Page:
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Proceedings Paper

Image stabilization system on SOLAR-B Solar Optical Telescope
Author(s): Toshifumi Shimizu; Shin'ichi Nagata; Chris Edwards; Theodore Tarbell; Yasuhiro Kashiwagi; Kazuhide Kodeki; Osamu Ito; Hiroyuki Miyagawa; Masayuki Nagase; Syunsaku Inoue; Kazumasa Kaneko; Yasushi Sakamoto; Kiyoshi Ichimoto; Saku Tsuneta; Shiro Miki; Makoto Endo; Masaki Tabata; Toshitaka Nakaoji; Keiichi Matsuzaki; Ken Kobayashi; Masashi Otsubo; Yoshinori Suematsu; Kazuyoshi Kumagai; Motokazu Noguchi; Tomonori Tamura; Masao Nakagiri
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Paper Abstract

Extremely stable pointing of the telescope is required for images on the CCD cameras to accurately measure the nature of magnetic field on the sun. An image stabilization system is installed to the Solar Optical Telescope onboard SOLAR-B, which stabilizes images on the focal plane CCD detectors in the frequency range lower than about 20Hz. The system consists of a correlation tracker and a piezo-based tip-tilt mirror with servo control electronics. The correlation tracker is a high speed CCD camera with a correlation algorithm on the flight computer, producing a pointing error from series of solar granule images. Servo control electronics drives three piezo actuators in the tip-tilt mirror. A unique function in the servo control electronics can put sine wave form signals in the servo loop, allowing us to diagnose the transfer function of the servo loop even on orbit. The image stabilization system has been jointly developed by collaboration of National Astronomical Observatory of Japan/Mitsubishi Electronic Corp. and Lockheed Martin Advanced Technology Center Solar and Astrophysics Laboratory. Flight model was fabricated in summer 2003, and we measured the system performance of the flight model on a laboratory environment in September 2003, confirming that the servo stability within 0-20 Hz bandwidth is 0.001-0.002 arcsec rms level on the sun.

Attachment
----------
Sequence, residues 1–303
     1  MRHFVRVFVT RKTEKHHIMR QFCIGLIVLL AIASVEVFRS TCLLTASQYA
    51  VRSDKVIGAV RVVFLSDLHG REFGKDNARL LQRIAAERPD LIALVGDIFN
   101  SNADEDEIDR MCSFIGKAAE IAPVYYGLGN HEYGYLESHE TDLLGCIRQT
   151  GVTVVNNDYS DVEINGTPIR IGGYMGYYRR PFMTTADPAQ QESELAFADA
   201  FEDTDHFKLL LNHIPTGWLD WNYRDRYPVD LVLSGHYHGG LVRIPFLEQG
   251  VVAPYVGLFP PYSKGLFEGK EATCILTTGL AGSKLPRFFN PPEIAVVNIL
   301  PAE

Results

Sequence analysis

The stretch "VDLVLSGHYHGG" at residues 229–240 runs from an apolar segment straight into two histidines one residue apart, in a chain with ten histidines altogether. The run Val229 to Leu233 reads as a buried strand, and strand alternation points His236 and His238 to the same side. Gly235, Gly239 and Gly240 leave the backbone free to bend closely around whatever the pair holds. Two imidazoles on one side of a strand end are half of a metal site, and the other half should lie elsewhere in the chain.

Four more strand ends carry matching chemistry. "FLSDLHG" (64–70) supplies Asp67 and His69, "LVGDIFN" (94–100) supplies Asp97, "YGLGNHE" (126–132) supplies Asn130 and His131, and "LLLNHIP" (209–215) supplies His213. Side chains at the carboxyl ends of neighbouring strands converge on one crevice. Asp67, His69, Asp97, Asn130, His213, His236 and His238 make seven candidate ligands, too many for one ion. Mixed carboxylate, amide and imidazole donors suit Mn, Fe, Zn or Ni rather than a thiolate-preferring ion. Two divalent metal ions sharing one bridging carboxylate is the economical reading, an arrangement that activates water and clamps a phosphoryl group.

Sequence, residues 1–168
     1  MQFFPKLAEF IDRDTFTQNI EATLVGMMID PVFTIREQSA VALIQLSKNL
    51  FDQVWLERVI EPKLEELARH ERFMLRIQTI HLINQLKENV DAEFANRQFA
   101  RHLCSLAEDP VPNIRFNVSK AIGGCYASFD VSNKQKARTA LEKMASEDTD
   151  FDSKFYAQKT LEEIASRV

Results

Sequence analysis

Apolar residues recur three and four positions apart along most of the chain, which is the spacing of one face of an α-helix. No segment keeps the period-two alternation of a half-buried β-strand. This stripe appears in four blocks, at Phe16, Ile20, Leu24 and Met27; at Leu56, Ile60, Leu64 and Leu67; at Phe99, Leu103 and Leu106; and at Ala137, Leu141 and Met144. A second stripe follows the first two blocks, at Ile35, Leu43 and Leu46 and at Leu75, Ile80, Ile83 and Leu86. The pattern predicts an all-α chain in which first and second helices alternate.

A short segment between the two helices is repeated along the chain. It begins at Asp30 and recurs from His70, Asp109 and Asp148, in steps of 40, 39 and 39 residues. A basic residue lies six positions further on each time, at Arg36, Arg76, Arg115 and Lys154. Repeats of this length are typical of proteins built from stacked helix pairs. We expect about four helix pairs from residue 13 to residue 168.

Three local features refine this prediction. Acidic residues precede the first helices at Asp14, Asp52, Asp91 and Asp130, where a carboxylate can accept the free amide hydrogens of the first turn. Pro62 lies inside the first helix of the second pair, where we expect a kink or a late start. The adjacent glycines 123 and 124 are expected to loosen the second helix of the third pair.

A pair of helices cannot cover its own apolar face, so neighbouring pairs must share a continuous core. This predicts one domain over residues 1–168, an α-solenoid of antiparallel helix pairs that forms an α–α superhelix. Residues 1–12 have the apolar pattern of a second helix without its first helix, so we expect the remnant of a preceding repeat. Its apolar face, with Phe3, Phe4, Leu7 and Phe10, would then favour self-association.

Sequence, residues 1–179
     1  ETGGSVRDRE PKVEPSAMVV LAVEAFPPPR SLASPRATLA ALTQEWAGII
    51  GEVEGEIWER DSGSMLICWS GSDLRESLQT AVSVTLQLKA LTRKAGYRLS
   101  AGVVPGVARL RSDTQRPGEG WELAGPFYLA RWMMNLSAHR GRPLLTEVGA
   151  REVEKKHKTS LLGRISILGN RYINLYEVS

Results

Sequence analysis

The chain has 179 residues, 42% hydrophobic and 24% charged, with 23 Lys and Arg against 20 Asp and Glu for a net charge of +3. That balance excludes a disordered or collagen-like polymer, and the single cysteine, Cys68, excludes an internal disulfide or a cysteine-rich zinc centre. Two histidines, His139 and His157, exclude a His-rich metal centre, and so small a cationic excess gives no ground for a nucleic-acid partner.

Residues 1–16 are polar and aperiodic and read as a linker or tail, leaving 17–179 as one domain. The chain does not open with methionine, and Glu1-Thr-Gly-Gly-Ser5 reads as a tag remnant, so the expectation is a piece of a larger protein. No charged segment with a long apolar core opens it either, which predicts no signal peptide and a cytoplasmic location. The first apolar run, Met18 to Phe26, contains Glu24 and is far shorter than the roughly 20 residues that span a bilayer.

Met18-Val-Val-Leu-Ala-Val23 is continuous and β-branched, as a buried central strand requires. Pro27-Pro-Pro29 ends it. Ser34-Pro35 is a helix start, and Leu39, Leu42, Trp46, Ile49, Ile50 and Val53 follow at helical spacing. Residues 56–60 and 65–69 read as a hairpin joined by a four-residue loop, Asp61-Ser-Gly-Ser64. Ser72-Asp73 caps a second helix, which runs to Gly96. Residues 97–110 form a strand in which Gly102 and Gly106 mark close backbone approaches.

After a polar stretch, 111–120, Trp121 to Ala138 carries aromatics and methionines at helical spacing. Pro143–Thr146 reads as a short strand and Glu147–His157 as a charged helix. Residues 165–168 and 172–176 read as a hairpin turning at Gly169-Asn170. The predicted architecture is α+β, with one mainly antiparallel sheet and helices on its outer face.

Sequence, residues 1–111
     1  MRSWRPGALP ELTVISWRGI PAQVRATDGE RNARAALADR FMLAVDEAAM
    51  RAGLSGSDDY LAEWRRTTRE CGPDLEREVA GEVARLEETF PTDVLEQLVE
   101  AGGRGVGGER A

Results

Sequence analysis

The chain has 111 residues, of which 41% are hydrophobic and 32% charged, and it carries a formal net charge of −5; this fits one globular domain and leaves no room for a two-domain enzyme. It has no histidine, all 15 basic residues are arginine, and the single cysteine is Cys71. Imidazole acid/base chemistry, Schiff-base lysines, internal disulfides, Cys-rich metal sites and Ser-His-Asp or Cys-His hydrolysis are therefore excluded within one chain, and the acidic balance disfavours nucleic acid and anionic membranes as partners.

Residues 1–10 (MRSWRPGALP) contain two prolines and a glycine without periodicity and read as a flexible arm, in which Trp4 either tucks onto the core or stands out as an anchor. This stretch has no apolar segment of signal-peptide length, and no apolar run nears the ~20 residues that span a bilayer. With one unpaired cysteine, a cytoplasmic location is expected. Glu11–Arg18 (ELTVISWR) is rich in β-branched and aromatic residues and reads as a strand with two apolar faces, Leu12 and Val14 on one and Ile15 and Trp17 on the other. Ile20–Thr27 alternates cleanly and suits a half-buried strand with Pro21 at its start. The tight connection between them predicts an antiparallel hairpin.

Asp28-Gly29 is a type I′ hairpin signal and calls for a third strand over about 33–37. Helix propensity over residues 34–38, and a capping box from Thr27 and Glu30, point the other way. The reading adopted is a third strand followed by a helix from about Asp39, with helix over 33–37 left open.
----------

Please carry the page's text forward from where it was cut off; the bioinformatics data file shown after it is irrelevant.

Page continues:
Paper Details

Date Published: 12 October 2004
PDF: 8 pages
Proc. SPIE 5487, Optical, Infrared, and Millimeter Space Telescopes, (12 October 2004); doi: 10.1117/12.551368
Show Author Affiliations
Toshifumi Shimizu, National Astronomical Observatory of Japan (Japan)
Shin'ichi Nagata, National Astronomical Observatory of Japan (Japan)
Chris Edwards, Lockheed Martin Advanced Technology Ctr. (United States)
Theodore Tarbell, Lockheed Martin Advanced Technology Ctr. (United States)
Yasuhiro Kashiwagi, Mitsubishi Electric Corp. (Japan)
Kazuhide Kodeki, Mitsubishi Electric Corp. (Japan)
Osamu Ito, Mitsubishi Electric Corp. (Japan)
Hiroyuki Miyagawa, Systems Engineering Consultants Corp. (Japan)
Masayuki Nagase, Systems Engineering Consultants Corp. (Japan)
Syunsaku Inoue, Mitsubishi Space Software Corp. (Japan)
Kazumasa Kaneko, Mitsubishi Space Software Corp. (Japan)
Yasushi Sakamoto, National Astronomical Observatory of Japan (Japan)
Univ. of Tokyo (Japan)
Kiyoshi Ichimoto, National Astronomical Observatory of Japan (Japan)
Saku Tsuneta, National Astronomical Observatory of Japan (Japan)
Shiro Miki, Mitsubishi Electric Corp. (Japan)
Makoto Endo, Mitsubishi Electric Corp. (Japan)
Masaki Tabata, Mitsubishi Electric Corp. (Japan)
Toshitaka Nakaoji, Mitsubishi Electric Corp. (Japan)
Keiichi Matsuzaki, ISAS/Japan Aerospace Exploration Agency (Japan)
Ken Kobayashi, National Astronomical Observatory of Japan (Japan)
Univ. of Tokyo (Japan)
Masashi Otsubo, National Astronomical Observatory of Japan (Japan)
Yoshinori Suematsu, National Astronomical Observatory of Japan (Japan)
Kazuyoshi Kumagai, National Astronomical Observatory of Japan (Japan)
Motokazu Noguchi, National Astronomical Observatory of Japan (Japan)
Tomonori Tamura, National Astronomical Observatory of Japan (Japan)
Masao Nakagiri, National Astronomical Observatory of Japan (Japan)


Published in SPIE Proceedings Vol. 5487:
Optical, Infrared, and Millimeter Space Telescopes
John C. Mather, Editor(s)

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